PubMed ID
8009753 View in PubMed
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[A new function scale. I. Comparison with the point system currently used by the nursing staff].

https://arctichealth.org/en/permalink/ahliterature242207
Source
Ugeskr Laeger. 1983 Feb 7;145(6):447-50
Publication Type
Article
Date
Feb-7-1983

[A new function scale. II. Used in 2 long-term care facilities].

https://arctichealth.org/en/permalink/ahliterature242206
Source
Ugeskr Laeger. 1983 Feb 7;145(6):451-4
Publication Type
Article
Date
Feb-7-1983

[Antibodies to human immunodeficiency virus (HIV) in medico-legal autopsy material]

https://arctichealth.org/en/permalink/ahliterature8633
Source
Ugeskr Laeger. 1988 Apr 11;150(15):910-2
Publication Type
Article
Date
Apr-11-1988

Attitudes of Canadian researchers toward the return to participants of incidental and targeted genomic findings obtained in a pediatric research setting.

https://arctichealth.org/en/permalink/ahliterature116707
Source
Genet Med. 2013 Jul;15(7):558-64
Publication Type
Article
Date
Jul-2013
Author
Conrad V Fernandez
Caron Strahlendorf
Denise Avard
Bartha M Knoppers
Colleen O'Connell
Eric Bouffet
David Malkin
Nada Jabado
Kym Boycott
Poul H Sorensen
Author Affiliation
Department of Pediatrics, IWK Health Centre and Dalhousie University, Halifax, Nova Scotia, Canada. conrad.fernandez@iwk.nshealth.ca
Source
Genet Med. 2013 Jul;15(7):558-64
Date
Jul-2013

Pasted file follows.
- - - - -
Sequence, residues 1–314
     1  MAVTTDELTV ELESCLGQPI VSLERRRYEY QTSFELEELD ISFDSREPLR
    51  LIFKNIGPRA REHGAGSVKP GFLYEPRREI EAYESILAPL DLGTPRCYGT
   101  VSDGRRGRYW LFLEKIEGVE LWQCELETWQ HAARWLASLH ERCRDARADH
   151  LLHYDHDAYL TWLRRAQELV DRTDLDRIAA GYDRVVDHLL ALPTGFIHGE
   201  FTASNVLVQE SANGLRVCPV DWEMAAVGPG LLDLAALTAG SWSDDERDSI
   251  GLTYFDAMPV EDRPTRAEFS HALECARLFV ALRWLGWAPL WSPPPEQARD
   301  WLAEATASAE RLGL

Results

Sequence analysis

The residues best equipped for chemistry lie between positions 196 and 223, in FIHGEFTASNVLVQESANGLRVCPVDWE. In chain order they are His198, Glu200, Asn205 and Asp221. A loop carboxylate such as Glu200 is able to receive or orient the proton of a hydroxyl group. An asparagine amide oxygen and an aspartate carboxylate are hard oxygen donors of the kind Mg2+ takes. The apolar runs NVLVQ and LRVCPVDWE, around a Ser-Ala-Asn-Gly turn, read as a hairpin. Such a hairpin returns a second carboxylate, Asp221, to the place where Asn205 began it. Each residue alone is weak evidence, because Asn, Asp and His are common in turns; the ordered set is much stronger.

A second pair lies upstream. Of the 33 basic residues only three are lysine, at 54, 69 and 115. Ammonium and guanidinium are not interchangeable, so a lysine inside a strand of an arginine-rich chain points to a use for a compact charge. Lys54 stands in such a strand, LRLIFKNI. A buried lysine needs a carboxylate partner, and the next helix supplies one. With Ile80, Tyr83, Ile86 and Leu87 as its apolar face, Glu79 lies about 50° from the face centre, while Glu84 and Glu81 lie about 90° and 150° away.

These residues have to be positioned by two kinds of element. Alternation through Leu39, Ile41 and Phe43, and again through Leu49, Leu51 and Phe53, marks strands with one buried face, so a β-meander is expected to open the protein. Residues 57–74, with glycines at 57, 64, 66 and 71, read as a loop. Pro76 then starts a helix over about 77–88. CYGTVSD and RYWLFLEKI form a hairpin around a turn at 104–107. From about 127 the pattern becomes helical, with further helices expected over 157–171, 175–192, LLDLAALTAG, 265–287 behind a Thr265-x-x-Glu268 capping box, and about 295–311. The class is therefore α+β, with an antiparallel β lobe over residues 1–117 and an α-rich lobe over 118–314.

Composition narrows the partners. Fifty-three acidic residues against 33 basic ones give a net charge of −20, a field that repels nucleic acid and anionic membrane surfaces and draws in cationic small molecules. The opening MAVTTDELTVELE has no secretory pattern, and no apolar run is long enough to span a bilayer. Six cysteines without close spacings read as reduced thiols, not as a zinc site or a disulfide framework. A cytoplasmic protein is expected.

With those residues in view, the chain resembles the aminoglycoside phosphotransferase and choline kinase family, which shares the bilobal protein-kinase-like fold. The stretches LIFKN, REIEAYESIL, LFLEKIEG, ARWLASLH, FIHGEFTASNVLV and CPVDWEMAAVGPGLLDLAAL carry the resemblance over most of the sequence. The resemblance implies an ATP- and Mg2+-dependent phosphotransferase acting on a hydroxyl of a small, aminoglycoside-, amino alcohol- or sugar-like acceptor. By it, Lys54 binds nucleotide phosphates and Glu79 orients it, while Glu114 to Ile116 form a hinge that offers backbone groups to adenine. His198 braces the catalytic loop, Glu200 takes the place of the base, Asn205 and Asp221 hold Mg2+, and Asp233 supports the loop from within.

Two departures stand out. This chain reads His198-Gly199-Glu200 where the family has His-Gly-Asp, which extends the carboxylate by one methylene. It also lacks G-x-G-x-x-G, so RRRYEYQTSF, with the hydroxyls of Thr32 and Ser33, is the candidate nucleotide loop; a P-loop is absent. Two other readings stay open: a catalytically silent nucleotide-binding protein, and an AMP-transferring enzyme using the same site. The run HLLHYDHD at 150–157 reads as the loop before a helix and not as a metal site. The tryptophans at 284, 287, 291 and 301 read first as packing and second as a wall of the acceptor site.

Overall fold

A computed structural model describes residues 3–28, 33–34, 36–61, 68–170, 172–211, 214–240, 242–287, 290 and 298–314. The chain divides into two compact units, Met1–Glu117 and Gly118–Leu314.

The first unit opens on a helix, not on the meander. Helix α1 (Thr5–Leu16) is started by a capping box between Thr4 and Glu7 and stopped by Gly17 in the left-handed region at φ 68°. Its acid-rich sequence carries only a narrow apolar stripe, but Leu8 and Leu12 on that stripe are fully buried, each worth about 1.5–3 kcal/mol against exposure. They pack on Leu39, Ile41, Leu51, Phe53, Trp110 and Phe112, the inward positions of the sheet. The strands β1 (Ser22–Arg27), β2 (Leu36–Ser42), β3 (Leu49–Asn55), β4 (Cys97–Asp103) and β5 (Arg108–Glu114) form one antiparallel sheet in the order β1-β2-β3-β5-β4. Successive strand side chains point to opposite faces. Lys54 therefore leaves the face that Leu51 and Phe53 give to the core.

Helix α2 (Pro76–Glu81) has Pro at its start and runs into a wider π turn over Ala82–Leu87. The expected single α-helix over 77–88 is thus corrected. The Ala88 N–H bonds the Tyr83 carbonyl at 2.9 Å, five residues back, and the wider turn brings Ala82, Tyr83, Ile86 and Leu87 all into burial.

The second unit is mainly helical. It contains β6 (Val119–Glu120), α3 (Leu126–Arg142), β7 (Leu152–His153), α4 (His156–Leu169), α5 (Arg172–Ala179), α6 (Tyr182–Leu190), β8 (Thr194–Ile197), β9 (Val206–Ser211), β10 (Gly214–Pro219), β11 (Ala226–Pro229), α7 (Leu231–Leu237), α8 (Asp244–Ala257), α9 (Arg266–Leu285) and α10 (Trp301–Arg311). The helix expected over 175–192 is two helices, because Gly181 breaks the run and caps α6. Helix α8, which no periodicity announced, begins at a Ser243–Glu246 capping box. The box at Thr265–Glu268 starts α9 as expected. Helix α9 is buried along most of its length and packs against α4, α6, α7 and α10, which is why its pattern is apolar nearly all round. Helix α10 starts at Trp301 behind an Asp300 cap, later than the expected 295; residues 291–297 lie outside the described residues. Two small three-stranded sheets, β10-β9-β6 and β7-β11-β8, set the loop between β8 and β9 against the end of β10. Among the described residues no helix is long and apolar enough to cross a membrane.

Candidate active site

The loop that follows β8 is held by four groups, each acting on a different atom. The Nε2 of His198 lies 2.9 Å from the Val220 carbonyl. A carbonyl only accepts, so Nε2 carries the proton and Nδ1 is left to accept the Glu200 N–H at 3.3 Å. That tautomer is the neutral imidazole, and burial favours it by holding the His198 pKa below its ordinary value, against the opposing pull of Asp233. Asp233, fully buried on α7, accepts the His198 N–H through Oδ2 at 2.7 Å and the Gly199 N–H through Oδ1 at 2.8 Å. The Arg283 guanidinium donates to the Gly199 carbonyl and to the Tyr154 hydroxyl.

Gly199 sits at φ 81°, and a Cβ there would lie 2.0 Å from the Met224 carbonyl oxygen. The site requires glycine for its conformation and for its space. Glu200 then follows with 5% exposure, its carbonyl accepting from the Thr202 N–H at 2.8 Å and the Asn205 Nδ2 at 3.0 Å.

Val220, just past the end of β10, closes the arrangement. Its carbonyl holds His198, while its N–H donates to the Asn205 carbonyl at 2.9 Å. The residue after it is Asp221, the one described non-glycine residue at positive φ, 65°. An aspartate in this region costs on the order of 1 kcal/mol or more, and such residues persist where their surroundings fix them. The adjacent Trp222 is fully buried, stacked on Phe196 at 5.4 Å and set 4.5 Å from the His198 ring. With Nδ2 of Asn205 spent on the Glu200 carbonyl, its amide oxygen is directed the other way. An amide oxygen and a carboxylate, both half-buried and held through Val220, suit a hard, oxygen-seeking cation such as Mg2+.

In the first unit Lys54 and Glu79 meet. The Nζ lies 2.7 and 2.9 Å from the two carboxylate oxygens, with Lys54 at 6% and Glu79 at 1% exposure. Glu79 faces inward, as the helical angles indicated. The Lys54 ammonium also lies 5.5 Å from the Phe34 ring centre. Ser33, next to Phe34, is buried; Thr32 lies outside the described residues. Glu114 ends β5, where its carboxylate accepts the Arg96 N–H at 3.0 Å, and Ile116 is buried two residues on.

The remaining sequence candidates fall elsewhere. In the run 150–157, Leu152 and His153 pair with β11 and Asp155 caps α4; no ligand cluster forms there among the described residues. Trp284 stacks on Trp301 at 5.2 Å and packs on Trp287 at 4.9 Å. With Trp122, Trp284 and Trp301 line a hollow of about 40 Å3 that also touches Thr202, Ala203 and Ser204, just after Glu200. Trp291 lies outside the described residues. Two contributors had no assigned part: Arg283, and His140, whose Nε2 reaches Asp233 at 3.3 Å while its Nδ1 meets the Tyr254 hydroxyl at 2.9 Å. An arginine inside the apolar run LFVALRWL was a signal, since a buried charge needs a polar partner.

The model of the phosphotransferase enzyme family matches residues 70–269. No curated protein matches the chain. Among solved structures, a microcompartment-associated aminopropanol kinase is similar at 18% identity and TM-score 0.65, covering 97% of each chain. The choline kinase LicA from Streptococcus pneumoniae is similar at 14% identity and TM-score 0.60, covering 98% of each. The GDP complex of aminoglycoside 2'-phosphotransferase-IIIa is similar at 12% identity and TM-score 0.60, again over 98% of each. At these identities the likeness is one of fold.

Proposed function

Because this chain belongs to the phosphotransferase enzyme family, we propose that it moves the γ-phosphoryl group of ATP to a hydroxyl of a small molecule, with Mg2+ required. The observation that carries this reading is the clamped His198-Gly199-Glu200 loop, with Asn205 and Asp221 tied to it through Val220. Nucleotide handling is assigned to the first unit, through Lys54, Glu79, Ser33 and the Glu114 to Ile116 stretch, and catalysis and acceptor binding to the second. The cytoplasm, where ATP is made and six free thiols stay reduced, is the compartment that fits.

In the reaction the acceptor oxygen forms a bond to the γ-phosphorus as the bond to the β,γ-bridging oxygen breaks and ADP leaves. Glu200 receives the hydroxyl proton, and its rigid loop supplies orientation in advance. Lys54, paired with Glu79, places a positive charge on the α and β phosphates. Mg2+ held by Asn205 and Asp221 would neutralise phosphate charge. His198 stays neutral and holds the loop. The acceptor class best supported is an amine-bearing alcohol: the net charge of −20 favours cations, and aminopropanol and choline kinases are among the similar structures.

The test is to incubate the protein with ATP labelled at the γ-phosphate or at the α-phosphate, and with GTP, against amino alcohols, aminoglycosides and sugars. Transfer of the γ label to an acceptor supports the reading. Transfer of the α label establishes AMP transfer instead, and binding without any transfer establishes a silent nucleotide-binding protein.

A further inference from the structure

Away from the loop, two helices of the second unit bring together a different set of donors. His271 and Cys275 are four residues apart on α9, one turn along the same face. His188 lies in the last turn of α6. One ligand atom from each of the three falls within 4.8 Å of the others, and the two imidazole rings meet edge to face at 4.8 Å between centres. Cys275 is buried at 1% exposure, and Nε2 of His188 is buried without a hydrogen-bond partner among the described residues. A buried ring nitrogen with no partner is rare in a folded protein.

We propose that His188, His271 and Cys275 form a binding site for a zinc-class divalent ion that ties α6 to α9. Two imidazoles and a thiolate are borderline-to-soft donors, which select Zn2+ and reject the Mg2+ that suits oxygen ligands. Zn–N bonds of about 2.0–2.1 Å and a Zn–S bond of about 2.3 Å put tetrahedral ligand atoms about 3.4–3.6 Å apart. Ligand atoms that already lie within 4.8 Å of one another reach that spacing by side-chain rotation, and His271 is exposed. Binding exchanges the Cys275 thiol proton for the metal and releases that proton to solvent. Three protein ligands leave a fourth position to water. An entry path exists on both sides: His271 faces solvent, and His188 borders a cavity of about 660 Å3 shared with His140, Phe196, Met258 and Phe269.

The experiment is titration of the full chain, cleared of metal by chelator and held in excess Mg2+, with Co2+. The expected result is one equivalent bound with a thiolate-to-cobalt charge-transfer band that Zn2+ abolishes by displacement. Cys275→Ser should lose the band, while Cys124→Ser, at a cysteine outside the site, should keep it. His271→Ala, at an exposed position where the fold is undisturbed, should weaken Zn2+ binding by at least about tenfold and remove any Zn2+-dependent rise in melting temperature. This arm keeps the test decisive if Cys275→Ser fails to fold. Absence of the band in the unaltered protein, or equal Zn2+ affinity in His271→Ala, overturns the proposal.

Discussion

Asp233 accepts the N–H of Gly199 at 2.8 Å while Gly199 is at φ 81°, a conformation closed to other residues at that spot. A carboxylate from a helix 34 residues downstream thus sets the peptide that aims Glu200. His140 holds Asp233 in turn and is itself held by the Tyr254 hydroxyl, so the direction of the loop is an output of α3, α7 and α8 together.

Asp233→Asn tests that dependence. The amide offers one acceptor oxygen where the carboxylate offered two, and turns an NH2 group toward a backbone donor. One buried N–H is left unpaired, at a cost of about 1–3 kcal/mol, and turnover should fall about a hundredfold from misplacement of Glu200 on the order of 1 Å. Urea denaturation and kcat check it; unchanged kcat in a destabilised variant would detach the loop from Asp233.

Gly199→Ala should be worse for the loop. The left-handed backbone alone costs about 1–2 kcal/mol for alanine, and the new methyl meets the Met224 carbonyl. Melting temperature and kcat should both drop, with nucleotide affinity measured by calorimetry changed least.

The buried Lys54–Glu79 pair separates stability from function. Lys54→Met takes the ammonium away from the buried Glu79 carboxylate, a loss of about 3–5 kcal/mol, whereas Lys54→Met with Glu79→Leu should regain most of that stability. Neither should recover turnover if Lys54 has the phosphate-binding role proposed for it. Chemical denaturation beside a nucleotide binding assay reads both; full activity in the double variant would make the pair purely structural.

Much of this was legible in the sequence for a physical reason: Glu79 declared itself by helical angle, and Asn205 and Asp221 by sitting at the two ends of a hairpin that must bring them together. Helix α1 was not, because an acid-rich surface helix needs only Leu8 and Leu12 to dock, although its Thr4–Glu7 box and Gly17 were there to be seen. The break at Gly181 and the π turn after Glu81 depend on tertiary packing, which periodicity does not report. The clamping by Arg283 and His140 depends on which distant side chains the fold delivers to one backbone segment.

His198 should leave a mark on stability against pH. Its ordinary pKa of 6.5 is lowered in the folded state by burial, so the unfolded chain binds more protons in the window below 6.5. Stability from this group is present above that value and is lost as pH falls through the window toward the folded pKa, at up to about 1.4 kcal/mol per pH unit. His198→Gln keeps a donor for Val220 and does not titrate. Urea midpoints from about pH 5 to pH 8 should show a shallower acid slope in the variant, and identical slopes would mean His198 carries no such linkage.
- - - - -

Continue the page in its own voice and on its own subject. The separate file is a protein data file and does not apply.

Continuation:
Language
English
Publication Type
Article
Keywords
Adult
Attitude
Canada
Child
Data Collection
Disclosure - ethics
Ethics, Research
Genetic Research - ethics
Humans
Incidental Findings
Middle Aged
Questionnaires
Research Personnel - ethics
Siblings
Young Adult
Abstract
The purpose of this study was to explore the attitudes of genomics researchers in a pediatric setting in the context of regulatory guidance recommending the disclosure of clinically significant research findings.
A validated 32-item questionnaire was sent to 107 researchers with two large-scale projects (the Canadian Pediatric Cancer Genome Consortium and the Finding of Rare Genes Canada Consortium). We examined researchers' attitudes toward obligations to offer genomic research results (including if the participant was deceased, a relative, or a child), influence of the certainty/severity of the condition on this obligation, and personal experiences.
Of the 107 researchers, 74 (69%) responded. Researchers did not feel a strong responsibility to look for meaningful incidental results in the research genomic data set (n = 27, 37%). However, once identified, they felt participants had a strong right to receive them, irrespective of being incidental (n = 50, 68%) or primary targets (n = 64, 87%). There was a high degree of support for informing siblings of genomic results (n = 46, 62%), especially for treatable conditions (n = 56, 76%). Less than half of the participants indicated that their research ethics board required an offer of results (n = 34, 46%) or provided a detailed process (n = 16, 22%).
Researchers strongly support the offer of targeted and incidental genomic research results to participants. Greater regulatory guidance is needed for a consistent approach.
Notes
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PubMed ID
23370450 View in PubMed
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73 records – page 1 of 8.